Negotiation is an important part of legal practice and effective representation. What do you need to know to be a skillful negotiator? Can you communicate your client’s interests in such a way as to produce the best outcome for the client? Here are a few resources to help you at the negotiation table.
Genuine Curiosity has great tips on how to prepare to negotiate. Some of the questions you need to consider are:
- What do you know about the party you are negotiating with?
- Are you clear about the objectives and limits of your negotiation?
- How do you plan to rehearse your negotiation strategy?
- Where should you hold the negotiation sessions?
- How can you remain clam and focused during negotiations?
The article Win-Win Negotiation Skills for Lawyers: The Art of Getting What You Both Want by Janet Ellen Raasch will tell you if you are a carp, shark or dolphin in negotiations. Be a dolphin, and you won’t get grilled.
Brain Based Business offers 10 Surprisingly Simple Words that End Dysfunction and Add Profit.
Are you good at interpreting body language? Often, we don’t have enough time to reflect on nonverbal clues. Maybe, we are too distracted by our own thoughts to even pay attention. Not so for Dr. Hugo Heyrman. His Body Language Sequences of short looped films will allow you to watch rhythmic patterns of body language in motion and appreciate its meaning. Here’s how he describes his project:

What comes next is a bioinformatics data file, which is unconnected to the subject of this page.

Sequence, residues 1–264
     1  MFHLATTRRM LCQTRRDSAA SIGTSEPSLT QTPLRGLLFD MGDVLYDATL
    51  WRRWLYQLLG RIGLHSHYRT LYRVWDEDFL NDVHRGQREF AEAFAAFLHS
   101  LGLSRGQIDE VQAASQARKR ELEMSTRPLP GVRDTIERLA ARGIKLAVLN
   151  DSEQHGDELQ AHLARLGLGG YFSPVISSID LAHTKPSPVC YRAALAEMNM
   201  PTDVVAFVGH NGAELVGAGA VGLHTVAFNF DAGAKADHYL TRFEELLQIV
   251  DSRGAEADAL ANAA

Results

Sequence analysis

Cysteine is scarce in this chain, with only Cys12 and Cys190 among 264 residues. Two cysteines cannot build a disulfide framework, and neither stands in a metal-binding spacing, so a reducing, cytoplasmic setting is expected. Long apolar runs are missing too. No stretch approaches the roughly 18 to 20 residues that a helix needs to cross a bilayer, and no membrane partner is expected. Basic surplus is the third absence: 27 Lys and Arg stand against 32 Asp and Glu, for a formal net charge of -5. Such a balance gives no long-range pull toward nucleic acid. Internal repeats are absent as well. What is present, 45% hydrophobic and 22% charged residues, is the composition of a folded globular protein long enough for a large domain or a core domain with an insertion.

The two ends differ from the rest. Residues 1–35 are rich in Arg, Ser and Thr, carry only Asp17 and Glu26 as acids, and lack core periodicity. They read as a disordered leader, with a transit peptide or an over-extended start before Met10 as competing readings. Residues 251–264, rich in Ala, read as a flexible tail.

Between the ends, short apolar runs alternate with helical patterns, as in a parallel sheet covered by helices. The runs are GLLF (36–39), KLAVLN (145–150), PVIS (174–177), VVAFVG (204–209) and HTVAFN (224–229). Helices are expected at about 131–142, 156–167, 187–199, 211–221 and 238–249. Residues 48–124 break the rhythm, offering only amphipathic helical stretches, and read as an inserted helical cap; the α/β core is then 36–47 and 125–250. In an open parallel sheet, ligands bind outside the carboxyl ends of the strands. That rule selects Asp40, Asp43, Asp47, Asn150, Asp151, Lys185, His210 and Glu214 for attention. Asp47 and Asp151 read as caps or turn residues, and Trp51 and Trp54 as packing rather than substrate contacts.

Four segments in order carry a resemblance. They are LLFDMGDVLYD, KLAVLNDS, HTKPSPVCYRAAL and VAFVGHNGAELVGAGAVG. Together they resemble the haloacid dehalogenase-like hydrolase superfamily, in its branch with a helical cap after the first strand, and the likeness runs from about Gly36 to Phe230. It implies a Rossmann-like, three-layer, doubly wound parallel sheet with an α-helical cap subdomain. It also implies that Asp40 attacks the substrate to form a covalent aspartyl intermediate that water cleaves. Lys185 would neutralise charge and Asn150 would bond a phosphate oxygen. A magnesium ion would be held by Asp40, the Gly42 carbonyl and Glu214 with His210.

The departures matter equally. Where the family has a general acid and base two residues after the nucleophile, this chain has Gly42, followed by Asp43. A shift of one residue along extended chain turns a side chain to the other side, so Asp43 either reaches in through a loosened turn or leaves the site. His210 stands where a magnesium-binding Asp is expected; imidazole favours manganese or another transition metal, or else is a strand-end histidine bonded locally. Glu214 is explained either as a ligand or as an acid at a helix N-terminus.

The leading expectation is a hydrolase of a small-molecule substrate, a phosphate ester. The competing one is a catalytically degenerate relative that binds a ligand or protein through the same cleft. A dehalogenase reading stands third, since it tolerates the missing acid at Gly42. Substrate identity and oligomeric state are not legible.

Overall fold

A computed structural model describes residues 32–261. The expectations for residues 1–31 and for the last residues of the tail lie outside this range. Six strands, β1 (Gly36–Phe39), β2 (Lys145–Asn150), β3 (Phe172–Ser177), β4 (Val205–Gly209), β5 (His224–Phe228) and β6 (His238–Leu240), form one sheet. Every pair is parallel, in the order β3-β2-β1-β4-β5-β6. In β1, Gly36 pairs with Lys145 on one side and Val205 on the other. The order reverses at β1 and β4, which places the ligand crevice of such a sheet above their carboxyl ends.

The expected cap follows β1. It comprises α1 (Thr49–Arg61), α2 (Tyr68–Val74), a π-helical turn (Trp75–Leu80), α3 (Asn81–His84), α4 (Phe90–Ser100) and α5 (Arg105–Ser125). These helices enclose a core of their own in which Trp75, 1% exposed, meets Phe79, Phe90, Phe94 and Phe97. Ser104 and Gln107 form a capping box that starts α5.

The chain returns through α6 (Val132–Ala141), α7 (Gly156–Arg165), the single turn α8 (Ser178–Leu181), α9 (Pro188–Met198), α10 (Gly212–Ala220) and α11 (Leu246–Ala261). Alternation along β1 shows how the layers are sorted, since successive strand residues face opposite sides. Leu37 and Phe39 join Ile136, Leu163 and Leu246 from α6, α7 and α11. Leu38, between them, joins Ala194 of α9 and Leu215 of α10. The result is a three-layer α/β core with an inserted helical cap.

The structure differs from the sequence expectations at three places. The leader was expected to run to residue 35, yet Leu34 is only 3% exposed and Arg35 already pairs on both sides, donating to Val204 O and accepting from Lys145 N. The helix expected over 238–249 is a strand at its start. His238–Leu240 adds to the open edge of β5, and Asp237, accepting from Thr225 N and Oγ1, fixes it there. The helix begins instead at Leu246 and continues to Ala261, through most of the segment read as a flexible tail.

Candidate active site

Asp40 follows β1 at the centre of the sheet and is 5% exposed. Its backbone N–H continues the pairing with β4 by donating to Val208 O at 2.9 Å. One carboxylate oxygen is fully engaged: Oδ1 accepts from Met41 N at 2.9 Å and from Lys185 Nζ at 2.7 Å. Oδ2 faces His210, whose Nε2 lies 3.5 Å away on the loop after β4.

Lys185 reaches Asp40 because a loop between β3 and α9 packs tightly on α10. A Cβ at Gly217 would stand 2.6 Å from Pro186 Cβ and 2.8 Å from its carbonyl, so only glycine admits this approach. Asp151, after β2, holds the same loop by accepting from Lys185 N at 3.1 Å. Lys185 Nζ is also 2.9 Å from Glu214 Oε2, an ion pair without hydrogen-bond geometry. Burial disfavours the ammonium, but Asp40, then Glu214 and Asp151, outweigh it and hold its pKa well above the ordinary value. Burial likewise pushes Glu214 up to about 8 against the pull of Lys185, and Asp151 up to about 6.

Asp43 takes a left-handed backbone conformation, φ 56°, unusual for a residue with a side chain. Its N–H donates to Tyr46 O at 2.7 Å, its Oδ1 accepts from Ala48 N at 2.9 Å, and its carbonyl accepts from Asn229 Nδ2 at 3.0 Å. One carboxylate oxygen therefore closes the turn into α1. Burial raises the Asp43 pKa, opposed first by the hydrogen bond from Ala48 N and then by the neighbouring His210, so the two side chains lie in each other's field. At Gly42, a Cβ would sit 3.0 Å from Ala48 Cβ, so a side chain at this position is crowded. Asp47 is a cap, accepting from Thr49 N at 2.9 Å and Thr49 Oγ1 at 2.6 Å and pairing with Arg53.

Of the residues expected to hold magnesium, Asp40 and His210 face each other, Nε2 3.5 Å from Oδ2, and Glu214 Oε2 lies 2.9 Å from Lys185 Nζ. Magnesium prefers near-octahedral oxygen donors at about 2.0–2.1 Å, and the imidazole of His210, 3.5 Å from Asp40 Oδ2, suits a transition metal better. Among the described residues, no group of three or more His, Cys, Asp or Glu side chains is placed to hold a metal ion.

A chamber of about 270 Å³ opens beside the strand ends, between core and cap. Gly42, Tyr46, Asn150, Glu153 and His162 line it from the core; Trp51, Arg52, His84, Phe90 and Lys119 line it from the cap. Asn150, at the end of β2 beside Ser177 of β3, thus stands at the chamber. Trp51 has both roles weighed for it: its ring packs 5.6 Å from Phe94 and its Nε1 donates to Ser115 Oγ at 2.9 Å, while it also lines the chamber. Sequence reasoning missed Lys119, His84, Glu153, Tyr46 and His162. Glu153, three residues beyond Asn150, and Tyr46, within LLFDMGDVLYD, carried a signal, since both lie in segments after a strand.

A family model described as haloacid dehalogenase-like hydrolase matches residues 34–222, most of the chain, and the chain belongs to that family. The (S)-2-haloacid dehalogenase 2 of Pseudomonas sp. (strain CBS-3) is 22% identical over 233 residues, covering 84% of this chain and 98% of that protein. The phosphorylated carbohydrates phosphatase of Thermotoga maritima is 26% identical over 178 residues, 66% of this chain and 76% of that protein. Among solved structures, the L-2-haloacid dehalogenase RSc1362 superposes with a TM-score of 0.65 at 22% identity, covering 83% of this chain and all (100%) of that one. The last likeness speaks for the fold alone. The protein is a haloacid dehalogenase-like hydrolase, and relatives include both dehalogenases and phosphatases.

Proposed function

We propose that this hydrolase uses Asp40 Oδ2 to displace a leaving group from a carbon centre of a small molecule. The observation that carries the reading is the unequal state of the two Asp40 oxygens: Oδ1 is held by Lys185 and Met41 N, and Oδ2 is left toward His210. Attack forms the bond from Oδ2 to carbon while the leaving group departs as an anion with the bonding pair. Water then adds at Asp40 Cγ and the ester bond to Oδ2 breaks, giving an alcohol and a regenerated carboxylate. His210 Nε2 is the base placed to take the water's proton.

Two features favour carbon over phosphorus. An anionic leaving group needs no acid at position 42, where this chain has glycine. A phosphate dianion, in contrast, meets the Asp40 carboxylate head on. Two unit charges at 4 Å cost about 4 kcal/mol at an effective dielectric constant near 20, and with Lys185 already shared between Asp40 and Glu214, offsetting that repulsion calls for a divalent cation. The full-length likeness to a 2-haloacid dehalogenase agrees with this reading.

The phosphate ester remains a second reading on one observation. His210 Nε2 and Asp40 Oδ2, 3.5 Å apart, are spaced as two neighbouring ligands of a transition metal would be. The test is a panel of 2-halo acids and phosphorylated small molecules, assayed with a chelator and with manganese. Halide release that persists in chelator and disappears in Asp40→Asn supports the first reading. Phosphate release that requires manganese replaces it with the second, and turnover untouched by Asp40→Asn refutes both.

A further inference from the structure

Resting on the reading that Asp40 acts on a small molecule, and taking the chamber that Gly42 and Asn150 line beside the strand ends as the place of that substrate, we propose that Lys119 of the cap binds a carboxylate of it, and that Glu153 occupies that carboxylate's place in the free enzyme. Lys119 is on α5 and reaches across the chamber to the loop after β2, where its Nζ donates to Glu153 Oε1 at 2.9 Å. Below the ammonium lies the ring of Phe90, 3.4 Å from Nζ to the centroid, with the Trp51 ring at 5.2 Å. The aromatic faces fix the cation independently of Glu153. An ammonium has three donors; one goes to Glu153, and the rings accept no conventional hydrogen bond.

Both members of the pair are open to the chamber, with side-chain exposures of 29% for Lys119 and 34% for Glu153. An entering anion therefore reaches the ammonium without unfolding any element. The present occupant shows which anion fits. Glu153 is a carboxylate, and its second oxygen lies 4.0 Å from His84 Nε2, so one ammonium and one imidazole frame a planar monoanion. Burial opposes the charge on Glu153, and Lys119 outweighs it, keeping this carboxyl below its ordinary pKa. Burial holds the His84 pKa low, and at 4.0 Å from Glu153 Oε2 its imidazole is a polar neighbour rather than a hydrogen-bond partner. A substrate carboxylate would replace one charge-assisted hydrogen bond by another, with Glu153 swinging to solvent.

"In the Body Language Sequences I walk through the streets of Antwerp City, to investigate how people differ from each other, how people are using 'silent language' and 'personal space'. I am interested in the temporality of speed, acceleration, slowness and pause. How 'sub-movements' are expressed. How motion precedes emotion. Up to 90% of all of our communication is nonverbal. The direct actions of the human nervous system are usually subconscious, instinctively meaningful and more honest than verbal communication. Bodies do not lie. The 'subliminal' messages of the body are playing a major role in how we relate to others and how they see us. Our bodies are the most public signals of our identities, and private reminders of who we are. We imagine by remembering, or vice versa. In the ritual quality of interpersonal actions there is a hidden code of behavioural patterns, through which hierarchical and social power structures emerge. The body language sequences of the human figure in motion, are a display of our motives in the flow of time."